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The Hunt for the Higgs Boson

Extracts from this document...


Hamed Darvishian

The Hunt For Higgs

A2 Physics Coursework

Hamed Darvishian



Table of Contents

The Standard Model of Elementary Particles        3

The Higgs Theory (Boson, Mechanism and Field)        3/4

Discovery of the Higgs        4

Possibilities of Decay        5

Large Hadron Collider        5

The ATLAS detector        6

The G.R.I.D        7

The Aim and Benefits of the LHC        7

The Standard Model of Elementary Particles

The ‘Standard Model of Particle Physics’ describes the interactions between particles, where the fundamental force carriers are treated as mass-less particles. It is the theoretical framework that is used to explain the relations between complex particles and forces. The theory was first introduced by Sheldon Glashow through the electromagnetic and weak interactions, but was then developed on Steven Weinberg and Abdus Salam. Although the Standard Model is able to explain the interactions between quarks, leptons and bosons, it does not include an integral property of particles, mass. image01.png

In 1964, Peter Higgs showed how to give mass to fundamental particles through the Higgs mechanism. The Higgs mechanism is where the symmetry of mass-less particles is broken and non-zero masses become possible.

This is just a hypothetical theory but if true, an extra particle called the Higgs boson should exist. A disturbance in the Higgs field is in actual fact a Higgs boson.

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The Higgs Field is defined as:

A field hypothesized to account for spontaneous symmetry breaking in the standard model.

Particles in the standard model acquire mass from interactions with the Higgs field. Massive particles (‘massive’ meaning a particle with mass) interact with the Higgs field and it is that interaction that gives them their mass. Particles such as photons don’t interact with the Higgs field and thus have no mass. The Higgs field is included in the Higgs Mechanism.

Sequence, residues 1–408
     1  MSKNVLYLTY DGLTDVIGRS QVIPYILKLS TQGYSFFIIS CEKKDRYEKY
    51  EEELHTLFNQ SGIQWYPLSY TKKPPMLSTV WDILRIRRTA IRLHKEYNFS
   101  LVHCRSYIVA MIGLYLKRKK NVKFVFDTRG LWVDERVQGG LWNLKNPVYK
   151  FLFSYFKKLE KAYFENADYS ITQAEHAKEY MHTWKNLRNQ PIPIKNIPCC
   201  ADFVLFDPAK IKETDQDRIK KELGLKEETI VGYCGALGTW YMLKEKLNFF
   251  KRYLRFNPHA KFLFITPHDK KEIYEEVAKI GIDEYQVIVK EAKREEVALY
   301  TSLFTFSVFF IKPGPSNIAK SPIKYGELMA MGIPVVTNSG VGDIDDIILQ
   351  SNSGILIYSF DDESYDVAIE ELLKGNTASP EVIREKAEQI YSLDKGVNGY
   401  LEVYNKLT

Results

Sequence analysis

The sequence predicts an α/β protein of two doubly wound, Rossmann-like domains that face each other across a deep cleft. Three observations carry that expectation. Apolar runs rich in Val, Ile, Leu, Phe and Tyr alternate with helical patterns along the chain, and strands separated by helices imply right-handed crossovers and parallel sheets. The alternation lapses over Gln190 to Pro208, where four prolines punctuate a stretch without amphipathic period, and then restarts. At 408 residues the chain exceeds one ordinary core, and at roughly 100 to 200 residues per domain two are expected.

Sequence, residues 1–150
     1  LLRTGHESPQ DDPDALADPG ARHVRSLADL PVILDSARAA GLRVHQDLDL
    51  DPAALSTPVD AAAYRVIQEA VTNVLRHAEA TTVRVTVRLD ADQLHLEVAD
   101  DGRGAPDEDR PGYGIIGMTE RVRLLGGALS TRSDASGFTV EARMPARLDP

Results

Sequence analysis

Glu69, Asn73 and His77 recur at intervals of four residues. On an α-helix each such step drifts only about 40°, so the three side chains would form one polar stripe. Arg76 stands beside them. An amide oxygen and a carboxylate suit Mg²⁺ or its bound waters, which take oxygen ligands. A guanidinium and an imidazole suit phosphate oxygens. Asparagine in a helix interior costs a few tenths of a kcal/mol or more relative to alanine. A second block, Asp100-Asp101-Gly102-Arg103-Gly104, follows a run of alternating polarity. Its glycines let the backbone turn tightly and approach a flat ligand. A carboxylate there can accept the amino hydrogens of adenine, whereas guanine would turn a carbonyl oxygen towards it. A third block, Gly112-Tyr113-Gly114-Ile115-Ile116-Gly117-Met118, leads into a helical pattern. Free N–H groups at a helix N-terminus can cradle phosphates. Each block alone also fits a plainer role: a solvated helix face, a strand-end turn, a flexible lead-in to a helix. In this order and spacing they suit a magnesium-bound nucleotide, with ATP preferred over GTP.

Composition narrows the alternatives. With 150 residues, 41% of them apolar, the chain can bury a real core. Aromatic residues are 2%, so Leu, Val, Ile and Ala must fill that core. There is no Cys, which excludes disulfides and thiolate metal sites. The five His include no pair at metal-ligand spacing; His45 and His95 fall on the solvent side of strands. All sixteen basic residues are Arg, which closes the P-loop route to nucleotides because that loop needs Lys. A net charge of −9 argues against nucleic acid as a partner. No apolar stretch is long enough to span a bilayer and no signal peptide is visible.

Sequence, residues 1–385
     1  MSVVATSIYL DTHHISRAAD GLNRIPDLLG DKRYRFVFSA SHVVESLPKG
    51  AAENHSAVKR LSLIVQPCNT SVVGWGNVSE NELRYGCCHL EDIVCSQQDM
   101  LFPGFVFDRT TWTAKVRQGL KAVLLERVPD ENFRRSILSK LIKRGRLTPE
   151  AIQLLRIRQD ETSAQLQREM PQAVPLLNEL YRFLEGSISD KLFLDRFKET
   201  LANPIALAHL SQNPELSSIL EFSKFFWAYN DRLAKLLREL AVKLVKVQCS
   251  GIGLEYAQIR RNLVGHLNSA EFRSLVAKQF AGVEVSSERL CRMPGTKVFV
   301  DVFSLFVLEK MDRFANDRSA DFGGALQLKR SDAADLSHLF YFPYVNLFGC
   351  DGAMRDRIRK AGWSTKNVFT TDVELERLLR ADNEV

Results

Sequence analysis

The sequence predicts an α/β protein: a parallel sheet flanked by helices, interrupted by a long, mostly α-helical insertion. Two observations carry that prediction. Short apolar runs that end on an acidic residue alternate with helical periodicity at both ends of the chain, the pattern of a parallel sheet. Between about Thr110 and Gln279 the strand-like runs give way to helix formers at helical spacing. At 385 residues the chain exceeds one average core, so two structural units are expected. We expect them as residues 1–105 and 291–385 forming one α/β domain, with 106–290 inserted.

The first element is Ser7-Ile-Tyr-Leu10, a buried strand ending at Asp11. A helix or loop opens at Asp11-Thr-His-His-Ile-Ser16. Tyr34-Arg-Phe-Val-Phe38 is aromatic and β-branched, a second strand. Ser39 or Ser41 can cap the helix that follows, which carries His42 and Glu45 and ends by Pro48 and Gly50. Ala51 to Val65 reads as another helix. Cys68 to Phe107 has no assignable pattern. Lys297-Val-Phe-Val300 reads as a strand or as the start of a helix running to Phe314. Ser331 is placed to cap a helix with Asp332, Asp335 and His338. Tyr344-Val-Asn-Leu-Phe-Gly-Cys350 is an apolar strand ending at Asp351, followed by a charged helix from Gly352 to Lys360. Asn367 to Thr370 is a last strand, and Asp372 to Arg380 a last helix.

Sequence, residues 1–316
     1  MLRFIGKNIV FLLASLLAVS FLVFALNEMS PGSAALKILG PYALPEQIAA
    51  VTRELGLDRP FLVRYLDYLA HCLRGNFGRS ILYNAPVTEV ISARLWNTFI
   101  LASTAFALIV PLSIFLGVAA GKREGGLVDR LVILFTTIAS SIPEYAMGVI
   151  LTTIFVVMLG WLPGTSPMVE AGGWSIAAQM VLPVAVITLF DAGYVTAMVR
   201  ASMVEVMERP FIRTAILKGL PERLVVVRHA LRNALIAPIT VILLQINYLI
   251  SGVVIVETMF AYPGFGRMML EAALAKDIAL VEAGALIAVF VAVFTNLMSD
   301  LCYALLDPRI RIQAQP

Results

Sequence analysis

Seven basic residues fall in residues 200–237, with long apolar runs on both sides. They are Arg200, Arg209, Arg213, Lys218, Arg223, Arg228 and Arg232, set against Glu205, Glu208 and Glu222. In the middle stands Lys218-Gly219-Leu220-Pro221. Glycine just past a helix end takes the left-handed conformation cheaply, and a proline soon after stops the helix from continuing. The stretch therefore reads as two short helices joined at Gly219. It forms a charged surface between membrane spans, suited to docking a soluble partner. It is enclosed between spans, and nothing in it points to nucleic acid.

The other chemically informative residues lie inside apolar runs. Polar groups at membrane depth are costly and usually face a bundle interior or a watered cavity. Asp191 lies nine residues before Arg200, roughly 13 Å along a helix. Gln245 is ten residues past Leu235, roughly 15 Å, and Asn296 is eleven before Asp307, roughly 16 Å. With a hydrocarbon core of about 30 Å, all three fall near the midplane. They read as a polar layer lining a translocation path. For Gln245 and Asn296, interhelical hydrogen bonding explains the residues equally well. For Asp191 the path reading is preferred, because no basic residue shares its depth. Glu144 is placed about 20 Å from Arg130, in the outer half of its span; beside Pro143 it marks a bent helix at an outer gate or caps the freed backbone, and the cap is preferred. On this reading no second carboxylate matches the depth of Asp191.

What is the Higgs Mechanism?

The Higgs mechanism can be defined as:

A theoretical framework which explains how the masses of the W and Z bosons of the standard model, arise through spontaneous electroweak symmetry breaking (the Higgs field).

The Higgs mechanism then explains how massive, sub-atomic particles obtain mass. Different particles interact with the Higgs field differently with different strengths; hence some particles are heavier than others.

The whole Higgs ‘theory’ supposedly sums up the mystery of mass but it has not been discovered yet. Physicists and engineers at the Large Hadron Collider and Fermilab Tevatron have been working on the discovery of the Higgs boson. There are speculations that the Higgs boson can be discovered in more ways than one.

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Although the LHC cost £3.4billion, it allows testing of theories and ideas such as the Higgs theory. The social impact of this is that the questions asked and also the answers found as a result, can be so  fundamental that they can only be applied in the future, if at all.  Yet there is a possibility of a discovery that can be applied almost immediately such as medical, consumer and industrial technologies.  

The discovery of the Higgs boson would shine light on the origin of mass and would widen our knowledge. It would prove key theories in particle physics and quantum dynamics. It is the last remaining particle of the ‘Standard Model’ that has not been detected; all other particles have been proven to exist through experiments. If the LHC was to develop enough energy for an observable Higgs boson then we would understand why matter has mass. From that point then we can move onto proving other theories and ideas using the principle of the Higgs Boson.

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